Join Date
    Feb 2014
    Location
    Pittsburgh, PA
    Posts
    6
    Markwolf

    Radiant heat has a slow recovery, but it is also has a slow dissipation. I plan to leverage the slow heat dissipation of the floor using the timer.

    These are two small bathrooms (~100 sqft total), and I only want to warm the floors with the radiant. This can be accomplished by cycling the radiant floor on-off every 2 hours, which I tested on some very cold days. Once the floor is warm, it takes more than 2 hours to completely dissipate the heat in the floor (i.e., the floor tile feels cold). Since the room is heated by forced air, the heat loss of the floor tile to the surrounding air is mitigated. Once the floor warms, there is a small difference (some times almost no difference) in the supply and return temperatures for this zone. So at that time the only expense is the circulating pump (zoned by pumps).

    The cost of running the zone on a 2-hour on-off cycle is probably small. The radiant is more about comfort than cost.

    My 80-year old mother-in-law occupies the one bedroom (the other is unoccupied). So I tell her to wear heavy socks to bed on the cold nights. Actually, on the colder days we run the zone constantly.

    My approach may add a small and perhaps unnecessary amount to the heating bill, but I think it is far from a backwards mess.

    Thanks,
    JK

  12. #12
    Join Date
    Mar 2013
    Location
    Springville, NY
    Posts
    3,895
    Quote Originally Posted by JK_Smith View Post
    Thanks again for your replies.

    I failed to convey my true concern, which is will a switch without any resistance (jumper) damage the ZoneTrol controller. I do not really care about the t-stat other than to understand how it works. I already have a timer and will use it. So there is no need to buy a battery operated t-stat.

    Thanks,
    JK
    a dead short is a dead short, whether activated by a relay in a tstat or by a jumper. no damage should occur.
    Political Correctness, the language of wussies.

  13. #13
    Join Date
    Aug 2002
    Location
    manitowoc wisconsin
    Posts
    4,943
    Quote Originally Posted by JK_Smith View Post
    Markwolf

    Radiant heat has a slow recovery, but it is also has a slow dissipation. I plan to leverage the slow heat dissipation of the floor using the timer.

    These are two small bathrooms (~100 sqft total), and I only want to warm the floors with the radiant. This can be accomplished by cycling the radiant floor on-off every 2 hours, which I tested on some very cold days. Once the floor is warm, it takes more than 2 hours to completely dissipate the heat in the floor (i.e., the floor tile feels cold). Since the room is heated by forced air, the heat loss of the floor tile to the surrounding air is mitigated. Once the floor warms, there is a small difference (some times almost no difference) in the supply and return temperatures for this zone. So at that time the only expense is the circulating pump (zoned by pumps).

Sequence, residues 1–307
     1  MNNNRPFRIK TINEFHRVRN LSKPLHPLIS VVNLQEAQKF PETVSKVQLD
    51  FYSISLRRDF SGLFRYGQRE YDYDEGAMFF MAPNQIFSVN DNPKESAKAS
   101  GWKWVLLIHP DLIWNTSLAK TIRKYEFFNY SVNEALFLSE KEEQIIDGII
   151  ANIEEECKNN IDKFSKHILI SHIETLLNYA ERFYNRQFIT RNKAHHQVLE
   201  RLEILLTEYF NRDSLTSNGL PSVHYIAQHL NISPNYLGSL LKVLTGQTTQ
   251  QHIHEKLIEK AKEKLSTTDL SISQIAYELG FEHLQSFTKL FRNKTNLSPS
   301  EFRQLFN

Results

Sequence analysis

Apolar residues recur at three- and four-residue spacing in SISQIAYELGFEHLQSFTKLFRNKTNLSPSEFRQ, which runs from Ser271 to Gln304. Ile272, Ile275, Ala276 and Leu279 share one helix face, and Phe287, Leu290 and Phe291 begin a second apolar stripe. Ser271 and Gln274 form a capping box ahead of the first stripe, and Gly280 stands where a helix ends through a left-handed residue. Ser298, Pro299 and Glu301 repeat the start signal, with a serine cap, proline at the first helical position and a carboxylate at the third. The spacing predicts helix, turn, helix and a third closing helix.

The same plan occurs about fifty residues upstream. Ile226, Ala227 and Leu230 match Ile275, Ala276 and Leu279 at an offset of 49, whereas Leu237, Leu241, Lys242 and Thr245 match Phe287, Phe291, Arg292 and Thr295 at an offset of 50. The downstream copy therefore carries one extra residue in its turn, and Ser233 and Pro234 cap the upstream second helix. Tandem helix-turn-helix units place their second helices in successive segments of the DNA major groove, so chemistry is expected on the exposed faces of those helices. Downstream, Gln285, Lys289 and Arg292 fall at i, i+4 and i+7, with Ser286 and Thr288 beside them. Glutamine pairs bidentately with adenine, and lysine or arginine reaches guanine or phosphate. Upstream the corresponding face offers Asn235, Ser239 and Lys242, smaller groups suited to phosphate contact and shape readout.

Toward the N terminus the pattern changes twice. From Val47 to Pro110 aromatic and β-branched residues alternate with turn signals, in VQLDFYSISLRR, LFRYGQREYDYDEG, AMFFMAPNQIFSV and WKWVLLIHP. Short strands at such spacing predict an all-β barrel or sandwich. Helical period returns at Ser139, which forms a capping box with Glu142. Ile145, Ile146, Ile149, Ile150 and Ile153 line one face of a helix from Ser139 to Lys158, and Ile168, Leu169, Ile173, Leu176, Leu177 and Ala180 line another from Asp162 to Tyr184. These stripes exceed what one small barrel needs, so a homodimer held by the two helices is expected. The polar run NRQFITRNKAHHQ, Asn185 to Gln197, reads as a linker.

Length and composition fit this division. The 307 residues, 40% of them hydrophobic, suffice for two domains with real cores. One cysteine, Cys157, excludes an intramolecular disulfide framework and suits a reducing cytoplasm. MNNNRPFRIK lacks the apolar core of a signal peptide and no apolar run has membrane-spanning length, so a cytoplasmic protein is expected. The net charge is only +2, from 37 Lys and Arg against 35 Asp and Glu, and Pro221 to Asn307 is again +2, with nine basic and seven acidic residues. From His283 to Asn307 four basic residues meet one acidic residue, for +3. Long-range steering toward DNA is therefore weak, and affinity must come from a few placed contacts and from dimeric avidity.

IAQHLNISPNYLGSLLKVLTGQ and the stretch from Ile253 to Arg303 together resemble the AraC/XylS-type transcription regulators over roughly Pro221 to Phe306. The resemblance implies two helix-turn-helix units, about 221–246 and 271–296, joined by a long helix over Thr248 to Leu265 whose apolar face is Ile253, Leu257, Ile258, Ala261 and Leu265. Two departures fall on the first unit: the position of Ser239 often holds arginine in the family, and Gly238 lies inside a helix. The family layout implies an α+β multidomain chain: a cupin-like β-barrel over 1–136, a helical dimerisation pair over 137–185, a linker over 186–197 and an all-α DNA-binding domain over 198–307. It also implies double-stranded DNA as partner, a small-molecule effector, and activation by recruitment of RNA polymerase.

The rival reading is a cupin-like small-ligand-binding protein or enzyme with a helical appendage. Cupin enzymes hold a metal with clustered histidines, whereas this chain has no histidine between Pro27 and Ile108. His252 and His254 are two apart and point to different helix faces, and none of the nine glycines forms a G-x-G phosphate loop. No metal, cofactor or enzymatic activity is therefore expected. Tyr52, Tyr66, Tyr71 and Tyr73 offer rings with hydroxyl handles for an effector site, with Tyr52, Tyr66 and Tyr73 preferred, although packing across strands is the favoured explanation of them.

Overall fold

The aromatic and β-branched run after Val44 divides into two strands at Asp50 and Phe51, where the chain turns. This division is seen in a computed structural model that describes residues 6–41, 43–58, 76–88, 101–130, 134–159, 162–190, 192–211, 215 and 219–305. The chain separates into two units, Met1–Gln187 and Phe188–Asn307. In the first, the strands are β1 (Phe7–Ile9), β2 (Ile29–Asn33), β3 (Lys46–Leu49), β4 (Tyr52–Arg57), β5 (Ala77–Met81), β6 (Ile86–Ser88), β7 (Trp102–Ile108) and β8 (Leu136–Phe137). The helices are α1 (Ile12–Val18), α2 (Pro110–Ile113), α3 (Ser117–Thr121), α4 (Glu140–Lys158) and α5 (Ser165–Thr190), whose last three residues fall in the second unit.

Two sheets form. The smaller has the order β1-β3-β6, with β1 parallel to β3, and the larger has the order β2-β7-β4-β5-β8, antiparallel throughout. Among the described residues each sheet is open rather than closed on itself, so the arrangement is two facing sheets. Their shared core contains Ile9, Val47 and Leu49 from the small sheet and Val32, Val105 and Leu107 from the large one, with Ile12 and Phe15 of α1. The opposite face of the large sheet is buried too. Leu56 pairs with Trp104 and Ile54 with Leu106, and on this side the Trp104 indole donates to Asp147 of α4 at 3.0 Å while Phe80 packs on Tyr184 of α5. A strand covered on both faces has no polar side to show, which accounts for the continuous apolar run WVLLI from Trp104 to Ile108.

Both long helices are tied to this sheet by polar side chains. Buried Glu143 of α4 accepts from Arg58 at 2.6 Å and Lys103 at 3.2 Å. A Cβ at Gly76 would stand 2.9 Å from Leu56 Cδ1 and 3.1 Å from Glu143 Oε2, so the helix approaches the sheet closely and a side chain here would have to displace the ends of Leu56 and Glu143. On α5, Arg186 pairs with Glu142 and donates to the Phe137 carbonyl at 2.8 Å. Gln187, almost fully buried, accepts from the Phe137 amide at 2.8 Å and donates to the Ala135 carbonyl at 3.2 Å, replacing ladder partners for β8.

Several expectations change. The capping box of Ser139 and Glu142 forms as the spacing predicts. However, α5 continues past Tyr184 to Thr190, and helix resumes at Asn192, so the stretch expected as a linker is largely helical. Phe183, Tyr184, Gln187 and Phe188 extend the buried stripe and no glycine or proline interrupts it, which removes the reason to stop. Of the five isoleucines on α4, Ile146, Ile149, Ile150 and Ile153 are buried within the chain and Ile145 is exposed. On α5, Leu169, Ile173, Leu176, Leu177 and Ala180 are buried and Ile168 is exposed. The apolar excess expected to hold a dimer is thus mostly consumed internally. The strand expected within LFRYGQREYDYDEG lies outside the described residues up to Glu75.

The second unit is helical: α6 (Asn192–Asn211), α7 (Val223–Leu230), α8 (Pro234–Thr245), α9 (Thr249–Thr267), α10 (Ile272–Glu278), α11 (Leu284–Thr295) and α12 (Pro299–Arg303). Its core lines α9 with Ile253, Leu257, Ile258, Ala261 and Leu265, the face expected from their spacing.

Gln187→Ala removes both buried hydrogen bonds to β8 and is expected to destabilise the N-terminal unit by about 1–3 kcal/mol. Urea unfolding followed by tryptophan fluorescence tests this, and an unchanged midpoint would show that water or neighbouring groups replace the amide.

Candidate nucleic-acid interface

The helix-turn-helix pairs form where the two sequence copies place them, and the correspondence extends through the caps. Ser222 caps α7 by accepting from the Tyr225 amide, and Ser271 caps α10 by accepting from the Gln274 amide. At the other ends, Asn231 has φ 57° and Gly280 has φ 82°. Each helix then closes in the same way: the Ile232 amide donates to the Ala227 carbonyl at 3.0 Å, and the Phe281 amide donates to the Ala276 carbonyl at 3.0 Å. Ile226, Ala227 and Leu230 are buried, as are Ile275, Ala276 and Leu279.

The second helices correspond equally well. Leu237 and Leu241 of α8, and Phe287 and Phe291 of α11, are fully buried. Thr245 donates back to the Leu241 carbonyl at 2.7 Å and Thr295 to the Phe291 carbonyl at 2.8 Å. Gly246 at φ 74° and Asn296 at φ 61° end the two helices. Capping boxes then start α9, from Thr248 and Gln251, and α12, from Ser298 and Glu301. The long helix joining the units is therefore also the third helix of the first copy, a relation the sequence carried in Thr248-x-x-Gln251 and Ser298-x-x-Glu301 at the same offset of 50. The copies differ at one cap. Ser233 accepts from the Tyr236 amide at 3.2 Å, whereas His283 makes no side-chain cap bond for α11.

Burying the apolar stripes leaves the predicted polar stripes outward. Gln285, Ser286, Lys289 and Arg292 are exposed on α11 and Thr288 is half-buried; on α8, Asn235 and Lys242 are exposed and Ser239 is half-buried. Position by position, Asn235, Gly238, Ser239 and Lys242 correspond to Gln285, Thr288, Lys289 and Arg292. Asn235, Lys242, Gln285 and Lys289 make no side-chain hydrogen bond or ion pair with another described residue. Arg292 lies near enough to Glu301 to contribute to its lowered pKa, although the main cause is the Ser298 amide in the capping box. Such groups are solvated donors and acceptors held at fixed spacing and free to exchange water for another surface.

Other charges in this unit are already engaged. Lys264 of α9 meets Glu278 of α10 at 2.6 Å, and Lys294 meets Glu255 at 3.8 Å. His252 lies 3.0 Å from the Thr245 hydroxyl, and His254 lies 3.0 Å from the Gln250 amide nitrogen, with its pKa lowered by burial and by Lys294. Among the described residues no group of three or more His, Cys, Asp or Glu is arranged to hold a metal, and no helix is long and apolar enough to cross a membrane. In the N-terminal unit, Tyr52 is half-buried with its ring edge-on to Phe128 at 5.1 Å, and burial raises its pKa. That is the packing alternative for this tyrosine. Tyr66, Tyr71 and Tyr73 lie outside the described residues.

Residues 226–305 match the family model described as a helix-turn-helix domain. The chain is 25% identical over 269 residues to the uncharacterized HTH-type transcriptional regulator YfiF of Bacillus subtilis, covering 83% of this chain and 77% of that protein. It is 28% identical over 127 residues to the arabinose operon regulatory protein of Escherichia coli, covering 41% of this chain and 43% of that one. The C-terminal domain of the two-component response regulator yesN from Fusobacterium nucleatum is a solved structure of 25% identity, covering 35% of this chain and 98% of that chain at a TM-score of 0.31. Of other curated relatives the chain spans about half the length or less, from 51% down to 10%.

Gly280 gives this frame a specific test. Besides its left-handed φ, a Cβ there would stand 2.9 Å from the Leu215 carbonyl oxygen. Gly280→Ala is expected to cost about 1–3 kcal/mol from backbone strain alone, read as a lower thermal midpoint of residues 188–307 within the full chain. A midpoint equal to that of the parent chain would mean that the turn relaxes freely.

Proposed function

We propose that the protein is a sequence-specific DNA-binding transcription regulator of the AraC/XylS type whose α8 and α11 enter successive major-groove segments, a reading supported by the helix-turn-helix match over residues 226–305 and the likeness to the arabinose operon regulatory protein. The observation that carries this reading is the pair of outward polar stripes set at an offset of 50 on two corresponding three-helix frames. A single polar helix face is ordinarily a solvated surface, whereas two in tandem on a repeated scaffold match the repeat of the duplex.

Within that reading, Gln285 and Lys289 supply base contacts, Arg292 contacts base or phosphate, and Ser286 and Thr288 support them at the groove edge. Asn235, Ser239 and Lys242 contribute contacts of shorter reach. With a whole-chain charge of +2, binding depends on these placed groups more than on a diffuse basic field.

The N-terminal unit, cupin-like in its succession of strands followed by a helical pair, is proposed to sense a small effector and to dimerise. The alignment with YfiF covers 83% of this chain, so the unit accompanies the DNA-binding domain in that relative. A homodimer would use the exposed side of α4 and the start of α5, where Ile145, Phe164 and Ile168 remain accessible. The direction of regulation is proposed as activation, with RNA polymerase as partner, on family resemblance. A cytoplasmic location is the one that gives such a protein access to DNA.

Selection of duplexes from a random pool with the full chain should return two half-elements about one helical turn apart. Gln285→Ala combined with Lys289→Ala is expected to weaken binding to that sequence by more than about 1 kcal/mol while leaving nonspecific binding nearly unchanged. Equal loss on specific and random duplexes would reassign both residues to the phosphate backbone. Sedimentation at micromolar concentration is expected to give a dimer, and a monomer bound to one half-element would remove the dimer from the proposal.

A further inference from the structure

The cost of running the zone on a 2-hour on-off cycle is probably small. The radiant is more about comfort than cost.

    My 80-year old mother-in-law occupies the one bedroom (the other is unoccupied). So I tell her to wear heavy socks to bed on the cold nights. Actually, on the colder days we run the zone constantly.

    My approach may add a small and perhaps unnecessary amount to the heating bill, but I think it is far from a backwards mess.

    Thanks,
    JK
    A timer for heat control is backwards at best.
    A temperature sensor in the floor would keep the floor temp even without high & low spikes.
    The whole point of radiant floor heat is comfort not scalding or freezing your toes.

    - - - Updated - - -

    Quote Originally Posted by JK_Smith View Post
    Markwolf

    Radiant heat has a slow recovery, but it is also has a slow dissipation. I plan to leverage the slow heat dissipation of the floor using the timer.

    These are two small bathrooms (~100 sqft total), and I only want to warm the floors with the radiant. This can be accomplished by cycling the radiant floor on-off every 2 hours, which I tested on some very cold days. Once the floor is warm, it takes more than 2 hours to completely dissipate the heat in the floor (i.e., the floor tile feels cold). Since the room is heated by forced air, the heat loss of the floor tile to the surrounding air is mitigated. Once the floor warms, there is a small difference (some times almost no difference) in the supply and return temperatures for this zone. So at that time the only expense is the circulating pump (zoned by pumps).

    The cost of running the zone on a 2-hour on-off cycle is probably small. The radiant is more about comfort than cost.

    My 80-year old mother-in-law occupies the one bedroom (the other is unoccupied). So I tell her to wear heavy socks to bed on the cold nights. Actually, on the colder days we run the zone constantly.

    My approach may add a small and perhaps unnecessary amount to the heating bill, but I think it is far from a backwards mess.

    Thanks,
    JK
    A timer for heat control is backwards at best.
    A temperature sensor in the floor would keep the floor temp even without high & low spikes.
    The whole point of radiant floor heat is comfort not scalding or freezing your toes.
    Take your time & do it right!